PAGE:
I just got around to reading Joe Manchin’s new OpEd in the Post. And, well … it’s pretty bad news and by my read almost all bad news. With anything less than heroic squinting and wishful thinking, it reads pretty clear: Manchin won’t support abolishing or weakening the filibuster. Full stop. This seems to take back what had seemed to be his pretty clear openness to some version of a talking filibuster earlier in the Spring. He claims early efforts to weaken the filibuster have only increased partisan polarization, a claim that makes no sense – correlation, causation, etc.
What jumps out to me most is that his argument is absurd even on its own terms.
Europe is again grappling with a problem we in the US are really lucky to have avoided. European and British regulators now seem to be increasingly confident the AstraZeneca vaccine is associated with a serious but extremely rare blood-clotting side effect. Until now the UK – which has one of the world’s leading vaccination campaigns – has rejected reports of adverse side effects. But now they’re seeing them too and are recommending those under 30 get other vaccines. (There’s some indication younger people may be more susceptible to the side effect; and of course they face less threat from COVID.)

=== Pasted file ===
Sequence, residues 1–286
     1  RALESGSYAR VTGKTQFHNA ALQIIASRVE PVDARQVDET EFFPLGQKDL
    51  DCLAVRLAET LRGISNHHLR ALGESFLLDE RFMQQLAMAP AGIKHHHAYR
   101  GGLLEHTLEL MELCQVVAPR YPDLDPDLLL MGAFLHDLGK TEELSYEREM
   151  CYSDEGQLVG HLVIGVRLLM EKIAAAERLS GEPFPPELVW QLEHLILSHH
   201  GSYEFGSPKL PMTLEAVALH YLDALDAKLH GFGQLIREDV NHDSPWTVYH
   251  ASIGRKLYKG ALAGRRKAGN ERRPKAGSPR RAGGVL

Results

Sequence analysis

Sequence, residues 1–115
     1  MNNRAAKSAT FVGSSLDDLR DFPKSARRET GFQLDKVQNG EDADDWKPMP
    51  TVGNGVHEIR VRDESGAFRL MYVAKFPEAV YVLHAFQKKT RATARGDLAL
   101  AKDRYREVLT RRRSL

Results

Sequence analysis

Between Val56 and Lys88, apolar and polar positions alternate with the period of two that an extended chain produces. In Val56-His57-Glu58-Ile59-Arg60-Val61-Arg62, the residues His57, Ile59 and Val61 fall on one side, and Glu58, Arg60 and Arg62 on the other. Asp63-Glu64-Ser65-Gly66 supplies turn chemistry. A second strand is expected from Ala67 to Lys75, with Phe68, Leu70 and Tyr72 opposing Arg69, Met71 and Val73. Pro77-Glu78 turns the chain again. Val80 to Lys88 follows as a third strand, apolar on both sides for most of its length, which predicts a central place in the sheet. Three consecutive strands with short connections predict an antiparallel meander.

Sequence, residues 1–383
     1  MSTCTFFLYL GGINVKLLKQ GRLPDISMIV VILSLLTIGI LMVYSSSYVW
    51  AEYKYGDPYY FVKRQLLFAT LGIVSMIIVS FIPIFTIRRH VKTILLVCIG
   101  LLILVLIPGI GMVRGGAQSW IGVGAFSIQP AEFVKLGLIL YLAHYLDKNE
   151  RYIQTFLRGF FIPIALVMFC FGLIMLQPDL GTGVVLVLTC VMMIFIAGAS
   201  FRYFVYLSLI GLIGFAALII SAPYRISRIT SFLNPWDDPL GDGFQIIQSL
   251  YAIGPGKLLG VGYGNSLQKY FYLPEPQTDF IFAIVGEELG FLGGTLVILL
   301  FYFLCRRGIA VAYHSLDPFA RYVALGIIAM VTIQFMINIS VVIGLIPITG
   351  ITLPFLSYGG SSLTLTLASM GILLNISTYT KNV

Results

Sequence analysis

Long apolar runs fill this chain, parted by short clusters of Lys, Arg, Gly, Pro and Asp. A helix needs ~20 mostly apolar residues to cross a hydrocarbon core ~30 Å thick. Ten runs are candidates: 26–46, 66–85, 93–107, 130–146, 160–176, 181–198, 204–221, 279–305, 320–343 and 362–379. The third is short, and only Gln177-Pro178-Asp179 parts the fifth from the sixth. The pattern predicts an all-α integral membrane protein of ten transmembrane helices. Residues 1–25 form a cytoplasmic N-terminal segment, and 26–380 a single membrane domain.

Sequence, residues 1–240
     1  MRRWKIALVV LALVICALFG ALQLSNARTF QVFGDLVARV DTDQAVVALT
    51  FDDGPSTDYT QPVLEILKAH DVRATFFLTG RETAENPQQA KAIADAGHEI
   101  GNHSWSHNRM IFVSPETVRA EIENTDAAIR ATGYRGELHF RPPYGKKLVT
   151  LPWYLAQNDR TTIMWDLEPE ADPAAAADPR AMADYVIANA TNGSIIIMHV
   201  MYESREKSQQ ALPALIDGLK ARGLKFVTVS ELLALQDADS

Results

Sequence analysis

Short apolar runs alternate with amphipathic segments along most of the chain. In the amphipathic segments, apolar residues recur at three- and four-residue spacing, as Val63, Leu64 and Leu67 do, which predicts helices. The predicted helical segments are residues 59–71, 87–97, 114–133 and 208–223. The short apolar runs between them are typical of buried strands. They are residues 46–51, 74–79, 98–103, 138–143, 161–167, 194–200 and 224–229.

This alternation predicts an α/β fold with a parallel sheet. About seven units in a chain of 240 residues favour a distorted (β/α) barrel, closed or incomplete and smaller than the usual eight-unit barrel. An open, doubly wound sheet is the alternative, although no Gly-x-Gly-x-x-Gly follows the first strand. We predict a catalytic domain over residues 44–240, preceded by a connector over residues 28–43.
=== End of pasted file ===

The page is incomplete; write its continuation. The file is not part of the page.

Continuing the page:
This isn’t just a major setback for Europe. It’s a major setback for the whole world. The global effort to vaccinate the populations of poorer nations (COVAX) relies heavily on the AstraZeneca vaccine because it requires less complex refrigeration and transport technology.
But his defense of his veto saw him position himself at a crossroads for conservatism, between libertarian values and the increasing desire on the right to punish one’s perceived enemies.